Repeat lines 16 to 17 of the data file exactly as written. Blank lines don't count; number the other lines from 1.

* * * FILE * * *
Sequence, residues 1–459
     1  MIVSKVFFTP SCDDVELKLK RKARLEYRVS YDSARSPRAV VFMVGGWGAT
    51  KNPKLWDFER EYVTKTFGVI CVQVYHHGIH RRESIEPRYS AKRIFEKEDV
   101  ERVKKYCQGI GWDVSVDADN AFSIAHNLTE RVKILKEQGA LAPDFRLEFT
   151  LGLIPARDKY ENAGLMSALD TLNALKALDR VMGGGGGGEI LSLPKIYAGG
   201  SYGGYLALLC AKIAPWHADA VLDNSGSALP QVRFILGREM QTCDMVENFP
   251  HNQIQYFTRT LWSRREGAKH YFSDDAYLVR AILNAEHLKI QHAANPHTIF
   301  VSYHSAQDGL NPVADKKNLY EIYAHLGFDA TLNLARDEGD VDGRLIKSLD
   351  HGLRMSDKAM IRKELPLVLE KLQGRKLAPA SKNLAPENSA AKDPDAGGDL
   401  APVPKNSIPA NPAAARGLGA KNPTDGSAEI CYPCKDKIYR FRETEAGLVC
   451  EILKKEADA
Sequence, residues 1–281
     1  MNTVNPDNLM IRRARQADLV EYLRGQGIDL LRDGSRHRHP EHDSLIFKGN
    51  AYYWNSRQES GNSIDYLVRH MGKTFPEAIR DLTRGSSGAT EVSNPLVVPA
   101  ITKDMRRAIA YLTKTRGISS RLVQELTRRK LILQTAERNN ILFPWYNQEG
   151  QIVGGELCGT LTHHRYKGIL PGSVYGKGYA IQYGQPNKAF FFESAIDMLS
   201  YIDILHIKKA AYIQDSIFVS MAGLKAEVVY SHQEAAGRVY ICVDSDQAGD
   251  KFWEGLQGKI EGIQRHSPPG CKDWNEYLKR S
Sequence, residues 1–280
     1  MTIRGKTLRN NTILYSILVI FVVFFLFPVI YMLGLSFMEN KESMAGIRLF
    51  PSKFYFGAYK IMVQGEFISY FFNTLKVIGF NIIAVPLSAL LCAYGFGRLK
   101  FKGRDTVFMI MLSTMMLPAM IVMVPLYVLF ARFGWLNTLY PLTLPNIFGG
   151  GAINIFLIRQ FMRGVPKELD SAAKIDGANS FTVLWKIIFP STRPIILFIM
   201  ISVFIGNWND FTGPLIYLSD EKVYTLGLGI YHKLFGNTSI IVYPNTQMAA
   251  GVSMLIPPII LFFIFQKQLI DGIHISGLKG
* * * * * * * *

   151  QIVGGELCGT LTHHRYKGIL PGSVYGKGYA IQYGQPNKAF FFESAIDMLS
   201  YIDILHIKKA AYIQDSIFVS MAGLKAEVVY SHQEAAGRVY ICVDSDQAGD